1. Uterine rupture occurs in less than 1% of women undergoing TOLAC.
2. The absolute risk of permanent neurological impairment in infants born to women undergoing TOLAC is <1% (0.46 per 1000 women).
Original date of publication: December 16, 2004
Study Rundown: Cesarean delivery is associated with higher morbidity and mortality than vaginal delivery. Each additional Cesarean section increases a woman’s risk for abnormal placentation and other complications. In efforts to minimize morbidity associated with Cesarean delivery, in 1990 the United States Public Health Service set a goal Cesarean delivery rate of 15% along with a goal vaginal birth after Cesarean rate of 35%. Accordingly, the incidence of vaginal delivery and vaginal trial of labor after Cesarean (TOLAC) increased. Subsequently, reports of increased incidences of uterine rupture, intrapartum fetal demise and perinatal morbidity among women undergoing TOLAC demotivated providers to recommend TOLAC. In turn, the rate of vaginal birth after Cesarean dropped. Thus, the U.S. rate of vaginal birth after Cesarean fluctuated from a nadir of 3% in 1981 to a peak of 28.3% in 1996 then back down to 13% in 2002. Yet, only anecdotal data was available to guide the pendulum swing; no prospective studies characterizing risks associated with TOLAC existed as of 2002 (see background reading).
The present work assessed the risk of adverse maternal and perinatal outcomes associated with TOLAC. Findings demonstrate an acceptably low rate of uterine rupture and similarly low rate of neonatal neurologic injury. This landmark study is the first to characterize risks associated with TOLAC and remains one of the most frequently cited research studies in obstetrics. Limitations include selection bias whereby women willing to undergo TOLAC may have been more likely to present with a favorable cervix and thus more likely to achieve vaginal delivery. This may bias results toward the null. Lack of information on use of specific prostaglandin agents disallowed assessment of which were associated with uterine rupture. Additionally, the study was not powered to detect differences in maternal mortality.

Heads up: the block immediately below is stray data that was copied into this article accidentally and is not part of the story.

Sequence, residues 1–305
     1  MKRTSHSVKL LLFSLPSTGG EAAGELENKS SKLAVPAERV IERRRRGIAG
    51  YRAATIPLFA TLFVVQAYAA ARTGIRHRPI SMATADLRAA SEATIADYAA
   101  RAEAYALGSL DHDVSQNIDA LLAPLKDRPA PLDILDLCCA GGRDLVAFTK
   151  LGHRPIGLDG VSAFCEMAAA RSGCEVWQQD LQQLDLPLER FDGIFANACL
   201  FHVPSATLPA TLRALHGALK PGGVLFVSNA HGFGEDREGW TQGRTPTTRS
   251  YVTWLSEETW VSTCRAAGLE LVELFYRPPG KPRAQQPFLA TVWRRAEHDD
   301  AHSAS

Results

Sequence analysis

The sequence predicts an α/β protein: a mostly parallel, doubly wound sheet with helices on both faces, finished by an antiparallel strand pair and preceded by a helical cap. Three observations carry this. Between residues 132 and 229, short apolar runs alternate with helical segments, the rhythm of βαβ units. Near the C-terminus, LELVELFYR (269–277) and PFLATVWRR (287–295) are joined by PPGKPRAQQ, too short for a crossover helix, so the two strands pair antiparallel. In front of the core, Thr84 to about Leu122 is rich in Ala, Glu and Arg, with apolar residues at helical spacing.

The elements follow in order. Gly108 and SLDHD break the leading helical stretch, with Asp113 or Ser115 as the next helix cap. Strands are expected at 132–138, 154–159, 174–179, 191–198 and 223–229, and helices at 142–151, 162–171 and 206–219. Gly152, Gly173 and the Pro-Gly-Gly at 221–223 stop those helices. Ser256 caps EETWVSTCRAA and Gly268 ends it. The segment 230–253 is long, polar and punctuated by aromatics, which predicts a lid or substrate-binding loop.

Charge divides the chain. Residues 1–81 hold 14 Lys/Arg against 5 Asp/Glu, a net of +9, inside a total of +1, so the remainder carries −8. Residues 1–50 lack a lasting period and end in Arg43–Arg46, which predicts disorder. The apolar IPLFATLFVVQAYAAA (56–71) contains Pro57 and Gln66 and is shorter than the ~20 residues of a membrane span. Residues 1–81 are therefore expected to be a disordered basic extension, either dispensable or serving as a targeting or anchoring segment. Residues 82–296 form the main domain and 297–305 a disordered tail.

Background reading: U.S. Dept of Health & Human Services: Vaginal birth after Cesarean (VBAC)
Study Author, Dr. Alan Peaceman, MD, talks to 2 Minute Medicine: Northwestern University School of Medicine; Chief, Division of Obstetrics and Gynecology-Maternal Fetal Medicine.
“This study is one of the largest observational trials performed assessing maternal and perinatal complication rates associated with TOLAC. Findings demonstrate a very low risk of both uterine rupture and infant morbidity and highlight an increased rupture risk with prostaglandin use. Results allow for more appropriate and complete patient counseling and discourage use of prostaglandins in women with a uterine scar.”
In-Depth: [prospective cohort]: The Cesarean registry pooled data from nineteen academic medical centers in the National Institute of Child Health and Human Development Maternal-Fetal Medicine Units (MFM-U) Network. Trained research personnel collected data from patient charts at 19 academic medical centers from >30,000 women with a prior cesarean delivery and current singleton pregnancy at >=20 weeks gestation from 1999 through 2002. Outcomes of interest included uncommon and rare maternal and fetal complications, including uterine rupture and infants with hypoxic-ischemic encephalopathy. The study was planned to take 3 years but a decline in the rate of trial of labor after Cesarean during the study period necessitated extending data collection for an additional year.
Uterine rupture occurred in <1% (124 out of 17,898 women) of women undergoing TOLAC. Compared to those in spontaneous labor, women whose labor was induced (OR:2.86, CI:1.75-4.67) or augmented (OR:2.42, CI:1.49-3.93) were more likely to experience rupture. In the incidence of rupture, permanent and severe neurological impairment resulted in 5.6% (7 out of 124 infants). Among all women undergoing TOLAC, the absolute risk of permanent neurological impairment was <1% (0.46 per 1000 women). Rate of intrapartum fetal demise was similar between groups (p>0.4 for all).
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